There is a wonderful simplicity and purity about the design. It looks like a sports car should, with a sharp snout containing pop up headlamps and a fastback rump. On steel wheels it looks silly so alloys are essential. You would not want an early four speeder, or three-speed auto, but the transaxle is another nice touch and a boon to weight distribution. Although a Mark 1 Golf GTI would leave it at the lights, performance was certainly adequate and perfect for this speed camera era. However, the 944 engined 924S provides hot hatch performance if you want it.

Nowhere near as cheap as they used to be, certainly a Classic Bangernomics favourite,

Why buy a Bangernomics Porsche 924? (a 924S that is)

Well there were quite a few reasons not to buy the entry Porsche, mainly because it seemed like the cynical coming together of VW group bits that should have been badged an Audi. In fact the last iteration of the 924 in the shape of the S was arguably the best and unarguably a proper Porsche. For many it may never have been anything more than an upmarket Capri but that was their loss. The 924S has to be judged in context and by 1985 0 to 60 mph was hot hatch quick taking 8 seconds to get there. The larger 2.5 engine was torquey and made the S feel usefully lively even though it was detuned from the 944. Many criticised the handling at the time as being a bit on the soft side, but then it was never meant to be a hardcore performer. By contrast the 924 Turbo was quicker, but far more complex and anyway you would trade up to a 944 for that. No, the 924S styling is neat, understated and has never looked better. There are precious few mid ‘80s coupes that look this good or are going to be as easy to look after. It’s the no brainer classic buy.

Finding a Bangernomics Porsche 924

Not as easy as it once was. As the cheapest Porsche it suffered at the hands of multiple owners with less and less to spend on maintenance which left only the worst examples around. The 924S was pricey when new and is the last of the line so potential you stand a better chance of finding tidy and well maintained examples. Certainly the Porsche specialists at the affordable end of the market still swear by them as good value and easy to keep cars. They should also have serviced and sorted them out before sale for your peace of mind. The Porsche Owners Club GB remains the best of its kind and the best source for superbly maintained examples that you can buy with confidence. At the very least the membership can help you find and inspect what is for sale, which is a huge help. The 924S is now a classic car and you should buy one that’s in perfect running order, rather than run into the ground.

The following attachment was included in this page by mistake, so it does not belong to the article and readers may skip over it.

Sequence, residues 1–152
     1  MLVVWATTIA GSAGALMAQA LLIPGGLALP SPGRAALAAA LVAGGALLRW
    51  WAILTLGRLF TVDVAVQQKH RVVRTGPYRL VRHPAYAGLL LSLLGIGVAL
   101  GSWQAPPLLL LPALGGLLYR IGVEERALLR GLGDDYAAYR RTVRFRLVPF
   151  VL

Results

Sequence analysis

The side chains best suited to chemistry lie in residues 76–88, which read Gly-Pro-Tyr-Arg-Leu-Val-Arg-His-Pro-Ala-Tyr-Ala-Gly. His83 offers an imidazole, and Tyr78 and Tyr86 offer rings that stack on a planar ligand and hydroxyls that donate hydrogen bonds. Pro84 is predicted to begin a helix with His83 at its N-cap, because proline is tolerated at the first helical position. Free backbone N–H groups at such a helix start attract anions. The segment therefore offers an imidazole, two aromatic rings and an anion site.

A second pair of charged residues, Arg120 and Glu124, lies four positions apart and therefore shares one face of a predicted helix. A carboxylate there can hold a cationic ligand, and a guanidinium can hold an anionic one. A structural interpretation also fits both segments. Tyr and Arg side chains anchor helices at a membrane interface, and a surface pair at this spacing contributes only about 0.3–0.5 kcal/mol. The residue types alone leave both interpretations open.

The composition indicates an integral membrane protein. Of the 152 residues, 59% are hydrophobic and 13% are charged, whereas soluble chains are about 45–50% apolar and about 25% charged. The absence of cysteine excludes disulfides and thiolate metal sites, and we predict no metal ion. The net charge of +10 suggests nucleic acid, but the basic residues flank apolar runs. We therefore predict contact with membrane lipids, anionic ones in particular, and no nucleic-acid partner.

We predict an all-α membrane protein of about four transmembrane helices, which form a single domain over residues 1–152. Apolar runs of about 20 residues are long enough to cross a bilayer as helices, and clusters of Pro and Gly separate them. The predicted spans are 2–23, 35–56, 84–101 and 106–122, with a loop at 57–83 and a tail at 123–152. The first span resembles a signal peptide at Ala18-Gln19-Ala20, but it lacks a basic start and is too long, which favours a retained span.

Checking over a Bangernomics Porsche 924

The body was hot dip galvanised, so rot should not be a serious issue. Just look at the battery tray and at untouched up stone chips at the front. Otherwise you are just looking for accident damage (manufacturer stickers on the inside of the rear panel should look original) and less than perfect panel gaps. Engines are tough but watch out for overheating which will blow a head gasket. Engine vibration means fractured offside engine mounts. Oil leaks can be traced camshaft oil seals that are worn. Gearboxes are tough but bearings will go at six figures. Brake discs can be consumed at a high rate when used regularly. Interiors were not that tough and now look their age especially the lighter colours. The tailgates leak especially if slammed shut awkwardly whilst sunroof seals fail giving you a wet head. Dashboards have been prone to crack and replacements are either impossible or pricey depending on whom you ask. There could be intermittent electrical faults because of the poorly designed loom, the ignition switch was prone to let owners down and sunroof motors can be temperamental.

Running a Bngernomics Porsche 924

What you have is a long life classic with an engine that will rack up a huge mileage although you must prepared to change the oil on a regular basis. Experts say that should be at least an oil and filter at the 6000-mile mark. Also a good antifreeze is crucial plus a two yearly change will stop cylinder head and water pump corrosion. Most crucially on the 2.5 engine you need to budget for drive belt changes, but not at 45,000 miles, mechanics say that 36,000 miles is much safer. Also manual gearbox oil should be changed often and the experts suggest 12,000 miles would be a good idea. The galvanised body is a huge boon but it still helps to keep on top of any chips or body damage. Experts reckon that greasing the fuel lines where they kick up near the rear axle is worth doing. So it will make sense in the long run to maintain a 924S properly even if some parts and servicing are pricier if you go to a Porsche specialist. Major failures will be rare, you will also benefit from classic insurance and reasonable economy that cracks 30mpg with careful driving.